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Know the Difference Between a Stroke and a Heart Attack
Being able to tell the difference between a stroke and a heart attack can be confusing. Both are medical emergencies that involve problems with blood supply to the brain or heart. Read below to learn the difference and warning signs between the two:
First, let’s define a stroke vs. a heart attack.
What Is a Stroke?
A Stroke occurs when blood flow to the brain is interrupted—easily remembered as a “brain attack.” When the blood flow is cut off from the brain, oxygen and essential nutrients are no longer feeding the brain which starts to kill valuable brain cells. For someone having a stroke minutes could save their life.
Stroke – Every Minute Counts
For every minute the stroke is left untreated, it can result in the destruction of 1.9 million brain cells; more than 7.5 miles of myelinated fibers, and 14 billion synapses. The estimated loss of brain cells during a stroke can be translated into accelerated aging of the brain: 8.7 hours for every second of delay, 3.1 weeks for every minute, 3.6 years for every hour, and 36 years for a stroke that goes untreated, according to the American Heart Association’s Rapid Access Journal Report.
What Is a Heart Attack?
A Heart Attack occurs when the blood supply to the heart is severely reduced or cut off. The blood supply to the heart is normally cut off by plaque in the arteries (Coronary Artery Disease), or a blood clot. If the blood flow is not restored quickly, the lack of oxygen can damage heart muscle, and it will begin to die. This condition is known as Ischemia, a dangerous condition of oxygen deficiency to vital tissues.
Warning Signs of Stroke
- Face Drooping – Does one side of the face droop or is it numb? Ask the person to smile.
- Arm Weakness – Is one arm weak or numb? Ask the person to raise both arms. Does one arm drift downward?
- Speech Difficulty – Is speech slurred, are they unable to speak, or are they hard to understand? Ask the person to repeat a simple sentence and is it repeated correctly?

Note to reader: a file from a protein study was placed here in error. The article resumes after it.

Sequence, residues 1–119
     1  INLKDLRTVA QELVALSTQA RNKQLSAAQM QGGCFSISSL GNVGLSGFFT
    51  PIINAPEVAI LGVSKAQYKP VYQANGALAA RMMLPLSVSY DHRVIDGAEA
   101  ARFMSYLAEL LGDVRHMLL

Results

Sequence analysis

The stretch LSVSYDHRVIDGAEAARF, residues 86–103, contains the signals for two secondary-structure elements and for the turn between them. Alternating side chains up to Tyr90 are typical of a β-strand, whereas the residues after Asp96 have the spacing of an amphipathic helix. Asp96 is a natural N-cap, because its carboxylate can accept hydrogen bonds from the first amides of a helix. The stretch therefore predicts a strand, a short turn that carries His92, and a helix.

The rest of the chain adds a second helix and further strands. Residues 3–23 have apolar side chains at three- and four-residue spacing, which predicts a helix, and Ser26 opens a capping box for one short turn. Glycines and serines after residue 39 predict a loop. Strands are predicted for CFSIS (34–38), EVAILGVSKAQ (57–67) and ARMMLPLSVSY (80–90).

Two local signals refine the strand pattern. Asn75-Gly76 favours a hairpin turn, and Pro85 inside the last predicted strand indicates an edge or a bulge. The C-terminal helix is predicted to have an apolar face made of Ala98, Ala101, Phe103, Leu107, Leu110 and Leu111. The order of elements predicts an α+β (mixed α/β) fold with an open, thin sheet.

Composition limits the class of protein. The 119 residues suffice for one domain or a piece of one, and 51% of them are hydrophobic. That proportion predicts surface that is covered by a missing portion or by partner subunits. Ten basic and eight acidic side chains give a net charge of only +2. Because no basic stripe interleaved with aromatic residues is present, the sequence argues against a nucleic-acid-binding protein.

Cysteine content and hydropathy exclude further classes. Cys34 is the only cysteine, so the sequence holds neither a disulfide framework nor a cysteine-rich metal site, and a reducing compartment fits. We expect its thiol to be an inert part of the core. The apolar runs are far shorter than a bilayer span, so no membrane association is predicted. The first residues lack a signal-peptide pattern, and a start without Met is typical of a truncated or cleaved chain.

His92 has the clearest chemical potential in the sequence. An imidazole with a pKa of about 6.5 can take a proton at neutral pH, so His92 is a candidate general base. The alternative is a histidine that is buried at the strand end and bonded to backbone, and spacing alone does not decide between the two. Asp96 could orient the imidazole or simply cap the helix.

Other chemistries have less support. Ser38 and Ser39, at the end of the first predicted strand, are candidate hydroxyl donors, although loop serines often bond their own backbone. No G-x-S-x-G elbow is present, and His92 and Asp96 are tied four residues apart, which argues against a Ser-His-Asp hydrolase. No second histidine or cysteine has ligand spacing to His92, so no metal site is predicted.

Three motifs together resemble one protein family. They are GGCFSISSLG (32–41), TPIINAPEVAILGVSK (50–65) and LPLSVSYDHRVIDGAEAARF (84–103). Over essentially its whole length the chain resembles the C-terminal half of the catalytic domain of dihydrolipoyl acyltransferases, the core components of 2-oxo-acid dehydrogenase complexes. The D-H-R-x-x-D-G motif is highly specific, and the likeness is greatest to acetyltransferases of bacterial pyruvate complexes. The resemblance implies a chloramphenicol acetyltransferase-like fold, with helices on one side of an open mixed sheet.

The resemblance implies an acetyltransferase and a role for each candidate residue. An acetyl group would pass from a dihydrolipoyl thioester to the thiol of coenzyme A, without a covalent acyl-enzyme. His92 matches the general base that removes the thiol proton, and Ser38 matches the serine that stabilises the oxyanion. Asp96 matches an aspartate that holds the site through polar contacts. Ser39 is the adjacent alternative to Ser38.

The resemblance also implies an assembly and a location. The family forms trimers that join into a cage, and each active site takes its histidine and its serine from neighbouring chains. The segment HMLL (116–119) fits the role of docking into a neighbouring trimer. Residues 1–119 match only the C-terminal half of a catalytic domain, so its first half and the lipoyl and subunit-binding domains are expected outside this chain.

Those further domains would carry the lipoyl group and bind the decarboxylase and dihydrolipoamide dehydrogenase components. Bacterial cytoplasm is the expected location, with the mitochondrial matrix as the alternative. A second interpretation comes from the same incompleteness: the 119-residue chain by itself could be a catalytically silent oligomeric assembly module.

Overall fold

Warning Signs of Heart Attack
- Discomfort for more than a few minutes in the chest that feel like pressure, squeezing, fullness or pain. Episodes can stop or reoccur.
- Discomfort or pain can extend to other areas of the upper body, including shoulders, arms, back, stomach, jaw and teeth.
- Shortness of breath
- Women may exhibit different or less visible symptoms than men. Women may feel abdominal pain or what they think is heartburn, clammy skin, and/or unusual fatigue.
If the person shows any of these symptoms, even if they go away, call 911 immediately. Having a stroke or heart attack is a medical emergency. Call 911 immediately if you witness someone having a heart attack or stroke. Do not attempt to drive the person or yourself to the hospital.
Talk with your doctor about your risk for heart attack or stroke. If you do not have a doctor and would like help finding one, UT Medical Center’s Healthcare Coordination can help. They will talk to you about what insurance you have, what type of doctor you need and what days are most convenient for you. Call them today at 865-305-6970 to make an appointment.
For more information about the dangers of radon or any other health topic, contact the Health Information Center. The Health Information Center is a library staffed by medical librarians and certified health information specialists. If you let us know your health information needs, we will do research for you and mail or email the results to you for free. You can call us at 865-305-9525. We also have a large collection of health books covering a variety of topics.
Becoming a library member is free and only requires a picture ID.
The Health Information Center in located on the first floor the hospital. We have computers, printers, and a quiet place to take a break.